Folk Alliance Day One: Delicate, slick and raw — take your pick

Danny Schmidt performed Wednesday at the Folk Alliance.
Danny Schmidt performed Wednesday at the Folk Alliance.

Every now and then you run across a performer who is a force of nature.

So when I slipped into the Roanoke Room at the Westin Crown Center hotel on Wednesday night — the first evening of official showcases at the Folk Alliance International gathering — it only took me a few seconds to realize I had entered something like an alternate reality.

Konrad Wert, who performs as Possessed by Paul James, is a Florida native who now lives in Texas, is a folk singer who doesn’t understand the concept of down-shifting. Whether playing fiddle, banjo or guitar, he gives every tune enough energy to launch it into orbit. He pounds out rhythms on what looks like a slender plywood box (held together at the corners with duct tape) so violently that Wednesday night he triggered feedback from an amplifier. Dressed in a monotone ensemble of work cap, T-shirt and jeans, he looked like he might have just finished a shift at car repair shop.

His songs are utterly original. He invites comparison to nobody. In performance he often seems possessed by the music itself with spontaneous shouts of “Hey! Hey! Hey!” It’s not an affectation. It’s a response to the power of music as an elemental force — which is exactly what it should be.

Earlier I caught the Railsplitters of Boulder, Colo., a tight ensemble that uses bluegrass instruments but on Wednesday just played originals that bore little relationship to traditional bluegrass. Their 30-minute set revealed plenty of adventurous creativity. Lead singer and guitarist Lauren Stovall is a powerhouse. And she’s supported by an outstanding ensemble: Dusty Rider (banjo), Christine King (fiddle), Peter Sharpe (mandolin) and Leslie Ziegler (upright bass). Rider is the band’s chief songwriter and apparently feels unrestrained by idioms, genres or tradition. Clearly they can play real bluegrass — during the sound check they performed part of “There is a Time,” the haunting classic originally recorded by Dillards, a Missouri-based band. It sounded sweet. Very sweet.

Aoife O’Donovan, visually the classic blonde female folksinger with a guitar, writes interesting, delicate songs and possesses the delicate, nuanced voice the tunes demand. On Wednesday she was backed by Anthony Da Costa (electric guitar) and Steve Nistor (drums). Nistor’s drumming was inventive and added some remarkable rhythmic dynamics to the set. Da Costa’s guitar solos at times threatened to overwhelm the vocals.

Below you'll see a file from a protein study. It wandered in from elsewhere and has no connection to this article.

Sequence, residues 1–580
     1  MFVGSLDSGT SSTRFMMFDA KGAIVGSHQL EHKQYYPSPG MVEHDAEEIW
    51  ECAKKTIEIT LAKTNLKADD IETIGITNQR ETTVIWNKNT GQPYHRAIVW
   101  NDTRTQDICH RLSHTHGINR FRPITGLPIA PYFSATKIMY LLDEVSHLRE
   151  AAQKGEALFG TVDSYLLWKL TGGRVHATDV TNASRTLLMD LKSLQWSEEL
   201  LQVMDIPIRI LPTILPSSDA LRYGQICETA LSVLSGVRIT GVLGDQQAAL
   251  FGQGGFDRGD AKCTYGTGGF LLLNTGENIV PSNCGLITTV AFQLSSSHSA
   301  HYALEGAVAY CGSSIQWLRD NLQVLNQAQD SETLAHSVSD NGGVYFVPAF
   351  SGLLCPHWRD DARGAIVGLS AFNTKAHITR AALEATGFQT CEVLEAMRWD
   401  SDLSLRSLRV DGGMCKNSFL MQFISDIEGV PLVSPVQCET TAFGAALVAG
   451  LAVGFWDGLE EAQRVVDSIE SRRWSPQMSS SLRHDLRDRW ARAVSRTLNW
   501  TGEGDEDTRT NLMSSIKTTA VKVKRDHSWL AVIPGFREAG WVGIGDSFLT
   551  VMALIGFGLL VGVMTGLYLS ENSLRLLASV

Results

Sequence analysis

But at their best this trio achieved an absorbing balance that occasionally reflected a jazz influence and at times brought to mind classic Joni Mitchell recordings. No, I’m not saying O’Donovan’s vocals are like Mitchell’s. But there’s a certain aesthetic, a spare but seductive approach to the music that can be mesmerizing.

O’Donovan told the audience this was her first Folk Alliance conference in 11 years, but she gave a shout-out to the organization’s value. Her first Alliance gathering was in San Diego, she said, and from that came two festival gigs and the confidence to record an album. None of that would have happened if she had not attended that conference and stayed up all night jamming with fellow musicians.

Danny Schmidt is a superb guitarist whose lyrics can be a bit too sentimental.. But he’s fun to watch. His loosey-goosey set with his wife, singer Carrie Elkin, was a free-form exercise mainly because Elkin hadn’t yet memorized the lyrics to most of the songs in Schmidt’s set. But he’s an expressive singer and I could watch him finger-pick all day.

Later I headed upstairs — that’s where the unofficial showcases happen in the hotel rooms — and caught a nice performance by Rachel Ries. Full disclosure: Ries has been an acquaintance for almost 10 years and she provided some harmonies on one of my obscure CDs in a previous decade. But her music still affects me the way it did before I met her.

Ries writes songs like nobody else. She tells vivid stories grounded in physical details. At her best, she offers mystical explorations of the human heart. Bottom line: Her lyrics are never predictable. And then there’s the voice — a soprano at once fragile and authoritative. It was the closet thing to a living-room concert I encountered all night.

Robert Trussell: 816-234-4765, @roberttrussell


Folk Alliance International continues through Sunday at Crown Center. For public events, go to www.folk.org/?page=PublicEvents.